Under the Radar: The Mike Edmonds Story, 2019.
Directed by Simon Frith.
Starring Mike Edmonds, Terry Gilliam, Colin Firth, Michael Palin, Danny John-Jules, Mark Billingham and Robert Watts.
An exploration of the life and career of British thespian Mike Edmonds – one of Hollywood’s most prolific small actors.
The name Mike Edmonds might not automatically ring a bell, but his work is familiar to millions of movie fans all over the world. Edmonds played multiple roles in the original Star Wars trilogy and also appeared in the likes of The Dark Crystal, several Harry Potter movies and in a selection of plays for the Royal Shakespeare Company. He is one of the world’s most successful small actors – he lives with achondroplasia – and the subject of new documentary Under the Radar, which is having its British premiere at the Raindance Film Festival.
Edmonds made his acting debut in the 1979 family movie Black Jack, directed by Ken Loach, after having binned his full-time job to take part in the shoot and pursue acting. This affectionate, light-footed documentary from director Simon Frith sees the now 75-year-old star looking back at his life and his glittering career, which really took off when he portrayed one of the critters helping to encase Han Solo in carbonite at the end of Empire Strikes Back. By the time Return of the Jedi came around, Edmonds portrayed the heavily featured Medicine Man Ewok, as well as operating the tail of Jabba the Hutt.
The actor himself is a consistently engaging and lovable presence, who comes across as so genuinely lovely that he makes Tom Hanks look like Piers Morgan. Frith’s film assembles a collection of famous faces from Edmonds’ career to share their memories of working with the man they describe as “always happy” and bursting with “positive energy”. Lost Empires co-star Colin Firth features heavily, as do Pythons Terry Gilliam and Michael Palin, who worked with Edmonds on fantasy adventure Time Bandits.
Edmonds is such a warm figure at the heart of the story that it’s impossible not to enjoy the movie. It’s a rather rough and raggedy film, with the topics and structure a little random and lacking in the sort of straightforward, linear approach that made last year’s similar career retrospective doc McKellen: Playing the Part so engrossing. However, there’s a real pleasure in watching Edmonds sit down with his friends and colleagues to discuss his impressive achievements. This is clearly a man who has made the most of life, despite adversity, and it’s genuinely inspiring to watch.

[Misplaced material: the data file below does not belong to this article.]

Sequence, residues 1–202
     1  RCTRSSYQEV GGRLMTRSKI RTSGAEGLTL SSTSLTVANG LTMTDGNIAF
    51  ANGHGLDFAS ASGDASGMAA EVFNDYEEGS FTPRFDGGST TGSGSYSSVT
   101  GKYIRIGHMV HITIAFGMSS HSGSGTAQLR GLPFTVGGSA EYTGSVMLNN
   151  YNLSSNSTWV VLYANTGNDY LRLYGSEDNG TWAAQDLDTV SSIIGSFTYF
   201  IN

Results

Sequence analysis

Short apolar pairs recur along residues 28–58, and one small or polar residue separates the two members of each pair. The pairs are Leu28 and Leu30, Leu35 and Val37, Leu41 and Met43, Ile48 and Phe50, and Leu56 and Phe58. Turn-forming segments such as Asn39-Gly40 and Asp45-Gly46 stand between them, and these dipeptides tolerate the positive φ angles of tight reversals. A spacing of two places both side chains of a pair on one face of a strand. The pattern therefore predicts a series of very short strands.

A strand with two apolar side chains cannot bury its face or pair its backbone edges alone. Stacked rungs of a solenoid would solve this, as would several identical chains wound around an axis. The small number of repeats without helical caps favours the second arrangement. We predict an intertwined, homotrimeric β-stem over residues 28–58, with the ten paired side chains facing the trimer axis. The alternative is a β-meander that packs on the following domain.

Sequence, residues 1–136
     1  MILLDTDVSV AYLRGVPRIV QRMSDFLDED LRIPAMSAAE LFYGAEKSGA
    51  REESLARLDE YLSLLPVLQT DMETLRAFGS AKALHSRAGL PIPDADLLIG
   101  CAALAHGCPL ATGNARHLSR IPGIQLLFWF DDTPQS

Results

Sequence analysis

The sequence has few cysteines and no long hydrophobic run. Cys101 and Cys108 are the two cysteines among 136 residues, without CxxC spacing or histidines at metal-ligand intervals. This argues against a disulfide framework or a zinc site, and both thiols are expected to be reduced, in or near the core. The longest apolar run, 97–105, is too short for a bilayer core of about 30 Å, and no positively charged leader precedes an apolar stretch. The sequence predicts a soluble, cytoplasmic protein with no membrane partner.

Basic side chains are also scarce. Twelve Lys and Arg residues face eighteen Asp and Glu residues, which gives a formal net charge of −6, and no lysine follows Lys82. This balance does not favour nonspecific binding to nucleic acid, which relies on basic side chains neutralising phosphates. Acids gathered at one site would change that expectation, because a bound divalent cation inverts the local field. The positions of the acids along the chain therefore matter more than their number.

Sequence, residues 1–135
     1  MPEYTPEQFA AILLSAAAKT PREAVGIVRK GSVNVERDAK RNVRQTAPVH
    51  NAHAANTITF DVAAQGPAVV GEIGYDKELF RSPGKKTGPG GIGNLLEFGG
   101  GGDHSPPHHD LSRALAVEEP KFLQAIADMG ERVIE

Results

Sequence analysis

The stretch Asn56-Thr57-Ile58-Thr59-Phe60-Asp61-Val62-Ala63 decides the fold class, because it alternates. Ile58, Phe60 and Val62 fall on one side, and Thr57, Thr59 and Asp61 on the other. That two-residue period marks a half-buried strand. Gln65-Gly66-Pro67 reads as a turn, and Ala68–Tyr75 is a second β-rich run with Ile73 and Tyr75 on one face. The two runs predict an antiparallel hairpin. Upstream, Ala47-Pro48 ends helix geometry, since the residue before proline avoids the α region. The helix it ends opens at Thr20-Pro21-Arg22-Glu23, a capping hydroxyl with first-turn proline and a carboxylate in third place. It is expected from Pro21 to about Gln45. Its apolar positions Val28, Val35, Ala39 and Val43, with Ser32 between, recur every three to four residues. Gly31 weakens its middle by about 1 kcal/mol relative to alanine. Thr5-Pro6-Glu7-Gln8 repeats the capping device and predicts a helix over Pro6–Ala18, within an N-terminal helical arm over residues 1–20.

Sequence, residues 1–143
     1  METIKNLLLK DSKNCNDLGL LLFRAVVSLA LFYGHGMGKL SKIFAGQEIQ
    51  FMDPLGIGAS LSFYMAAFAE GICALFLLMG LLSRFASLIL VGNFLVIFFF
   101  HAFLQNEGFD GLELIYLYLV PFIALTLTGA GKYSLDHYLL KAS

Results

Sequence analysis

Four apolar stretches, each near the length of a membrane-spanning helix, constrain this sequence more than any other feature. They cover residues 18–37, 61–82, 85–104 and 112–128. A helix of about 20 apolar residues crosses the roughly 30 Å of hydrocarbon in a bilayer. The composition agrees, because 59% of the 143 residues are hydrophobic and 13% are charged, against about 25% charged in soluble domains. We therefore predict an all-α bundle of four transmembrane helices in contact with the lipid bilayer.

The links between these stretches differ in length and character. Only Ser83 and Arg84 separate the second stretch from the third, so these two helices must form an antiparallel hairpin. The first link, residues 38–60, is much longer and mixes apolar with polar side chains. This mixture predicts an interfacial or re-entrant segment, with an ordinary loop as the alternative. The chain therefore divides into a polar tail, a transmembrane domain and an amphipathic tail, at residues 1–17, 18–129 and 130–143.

On a filmmaking level, Under the Radar is a strange film, mixing standard slice of life footage and talking heads with some very unusual animated interludes – perhaps inspired by Gilliam’s presence. Not all of these work, but it’s a great reflection of the admiration Edmonds himself has for the surreal directions in which his career travelled. Everyone who talks about him does so with affection and it’s clear that he has touched the lives of everyone with whom he has shared a screen, as well as the eager fans who we see flocking to his table on the convention circuit.
This man is an iconic figure of sci-fi cinema and someone who has genuinely helped to break down boundaries for disabled performers of all stripes, as well as those with dwarfism. It’s rare to watch a big screen portrait of someone who is not only so thankful for the life they have had, but so contented with the existence they have assembled for themselves. Under the Radar might be a slightly scrappy film, but it’s one with a heart so huge that you want to stand up and applaud when the credits roll.
Flickering Myth Rating – Film: ★ ★ ★ / Movie: ★ ★ ★ ★
Tom Beasley is a freelance film journalist and wrestling fan. Follow him on Twitter via @TomJBeasley for movie opinions, wrestling stuff and puns.